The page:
Ceramic injection-molding technology produces cheaper, stronger complex ceramic parts

July 19, 2016, Purdue University

Cars, rockets, cell phones and many other items could soon be manufactured faster, greener, less expensively and with more precision than traditional methods thanks to a ceramic engineering company commercializing a Purdue innovation.

Scientific Ceramic Engineering has licensed a Purdue ceramic injection-molding technology that utilizes room temperature molding, low-pressure machinery and less to produce stronger, faster and less-expensive complex ceramic parts for a multitude of industries.

"A lot of people don't realize that ceramics and ceramic engineering are integrated in a lot of different everyday objects, from toilets to tiles to television sets and brick walls," said David Forster, CEO and co-founder of Scientific Ceramic Engineering. "The automotive industry is the biggest user of the world's metal and ceramic parts, using about 20 percent. Medical, health care, aerospace, dental, industrial machinery and electronics are also key industries that use ceramic parts. The metal and ceramic industry alone is expected to grow to $3.5 billion annually by 2020."

Matthew Kuhns, SCE's chief technology officer, said are generally used because of a range of benefits.

"Ceramic materials encompass high hardness and mechanical strength, dimensional stability over a wide range of temperatures, wear and corrosion resistance, and great electrical insulation, making it a great material for a plethora of different devices and objects," he said. "However, its hard-to-use structure makes it difficult for ceramics to be a viable option for complex parts that require tight dimensions. Ceramic parts are extremely fragile prior to sintering and the hardness of the material, which makes machining processes difficult and expensive post-sintering, deterring manufacturers from using it."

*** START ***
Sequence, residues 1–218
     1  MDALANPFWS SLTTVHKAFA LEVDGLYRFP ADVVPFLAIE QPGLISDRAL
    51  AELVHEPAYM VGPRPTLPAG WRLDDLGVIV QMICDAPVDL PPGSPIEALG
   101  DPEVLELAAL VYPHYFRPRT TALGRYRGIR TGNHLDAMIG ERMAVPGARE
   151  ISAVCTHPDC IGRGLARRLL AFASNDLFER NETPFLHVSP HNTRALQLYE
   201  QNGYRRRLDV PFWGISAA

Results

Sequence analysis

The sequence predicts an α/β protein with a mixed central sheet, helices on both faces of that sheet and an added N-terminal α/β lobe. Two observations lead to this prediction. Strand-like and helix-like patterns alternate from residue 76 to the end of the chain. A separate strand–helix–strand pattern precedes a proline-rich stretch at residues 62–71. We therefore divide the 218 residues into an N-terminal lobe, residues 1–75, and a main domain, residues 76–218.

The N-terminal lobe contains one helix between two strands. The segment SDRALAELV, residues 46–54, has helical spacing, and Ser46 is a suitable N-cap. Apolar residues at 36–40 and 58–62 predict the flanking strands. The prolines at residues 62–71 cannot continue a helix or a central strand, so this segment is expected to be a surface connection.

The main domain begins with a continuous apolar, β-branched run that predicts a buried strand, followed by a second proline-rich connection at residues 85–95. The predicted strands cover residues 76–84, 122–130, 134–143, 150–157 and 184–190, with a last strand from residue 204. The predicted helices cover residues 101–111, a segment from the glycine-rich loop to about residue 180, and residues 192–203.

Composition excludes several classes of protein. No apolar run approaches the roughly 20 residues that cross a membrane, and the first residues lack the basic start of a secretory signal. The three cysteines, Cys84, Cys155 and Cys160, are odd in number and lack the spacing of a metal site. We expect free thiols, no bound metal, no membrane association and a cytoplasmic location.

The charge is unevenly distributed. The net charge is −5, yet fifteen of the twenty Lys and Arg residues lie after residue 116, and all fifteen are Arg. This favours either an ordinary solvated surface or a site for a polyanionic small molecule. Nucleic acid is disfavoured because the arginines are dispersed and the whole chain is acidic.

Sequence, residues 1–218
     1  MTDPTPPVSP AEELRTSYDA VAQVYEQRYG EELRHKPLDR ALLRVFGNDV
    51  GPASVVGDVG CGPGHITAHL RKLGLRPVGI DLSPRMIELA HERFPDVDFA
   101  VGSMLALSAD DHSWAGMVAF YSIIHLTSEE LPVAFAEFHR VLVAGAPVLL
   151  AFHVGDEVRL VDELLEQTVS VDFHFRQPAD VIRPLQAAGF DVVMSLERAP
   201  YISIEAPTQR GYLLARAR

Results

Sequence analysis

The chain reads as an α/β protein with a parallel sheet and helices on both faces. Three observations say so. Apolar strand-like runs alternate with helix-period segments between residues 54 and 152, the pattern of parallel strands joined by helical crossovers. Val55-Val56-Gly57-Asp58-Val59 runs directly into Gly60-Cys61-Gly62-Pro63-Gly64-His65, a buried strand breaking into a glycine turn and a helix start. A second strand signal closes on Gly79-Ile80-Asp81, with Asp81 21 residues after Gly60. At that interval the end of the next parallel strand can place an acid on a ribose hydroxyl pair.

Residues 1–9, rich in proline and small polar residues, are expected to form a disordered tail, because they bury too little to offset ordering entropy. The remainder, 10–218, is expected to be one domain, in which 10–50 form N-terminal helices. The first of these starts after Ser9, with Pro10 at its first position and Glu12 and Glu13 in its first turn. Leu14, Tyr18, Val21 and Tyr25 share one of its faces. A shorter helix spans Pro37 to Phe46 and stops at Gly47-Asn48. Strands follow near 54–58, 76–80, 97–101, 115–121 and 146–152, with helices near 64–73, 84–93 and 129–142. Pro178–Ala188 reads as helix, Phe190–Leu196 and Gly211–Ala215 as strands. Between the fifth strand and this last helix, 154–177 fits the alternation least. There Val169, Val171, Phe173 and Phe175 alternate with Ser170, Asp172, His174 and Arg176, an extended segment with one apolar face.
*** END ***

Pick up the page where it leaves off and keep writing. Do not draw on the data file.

SCE's innovation uses an injection molding technology to form high-temperature ceramic parts with complex dimensions by taking advantage of temperature flow properties of water-based ceramic suspensions. The molding technique lets ceramic materials be machined with high precision and accuracy.

"Traditional molding ceramic manufacturing requires very high heat and pressure environments that also uses toxic materials, which can cost companies a lot of money and are bad for the environment," Forster said. "Traditional methods can also take a long time to process while only being able to manufacture few iterations, so customers aren't able to test multiple versions of their design."

Kuhns said SCE's ceramic injection molding technology could provide customers with distinct advantages over traditional manufacturers.

"Our technology combined with a rapid die technology shortens cored ceramic casting processes from a usual 24 weeks to about 8 weeks, a 66 percent reduction in process time. This allows customers to get their products to market faster for a competitive advantage," he said. "Unlike traditional manufacturing, our system does not need to be heated and cooled before use, allowing quick preparation and machine changeover and saving on company overhead costs. Parts are sintered by slow-rising temperatures without the need for any pressurizing.

"Our products also use a non-toxic, water-soluble binder. This binder has proven to be so safe it's commonly used in oral medicines, soaps and surgical scrubs."

The technology also provides consistent dimensions after sintering for reliable accuracy and improved strength and toughness for a stronger finished product, Kuhns said.

Scientific Ceramic Engineering licensed the innovation through the Purdue Research Foundation Office of Technology Commercialization. SCE is a member of the Purdue Startup Class of 2016. Twenty-seven startups based on Purdue intellectual property were launched in the 2016 fiscal year. SCE intends to first market its technology to the aerospace industry.

"The aerospace industry relies heavily on advanced ceramic parts such as alumina, silicon nitride and aluminum nitride to make up high-efficiency and cost-effective technologies for space travel," Forster said. "Many critical aerospace components are made out of advanced ceramics because of their advantageous physical properties, making it a perfect material for use in aircrafts, space shuttles and aerospace equipment."

Scientific Ceramic Engineering is working to prove its process.

"Through cooperative research we have proven our ability to inject a mold with the materials, and after conducting several tests we plan to prove that the material properties of the parts are in fact consistent with parts proved in traditional means," Forster said. "Once we prove our process works we look forward to finalizing our commercialization approach and getting our product to market."

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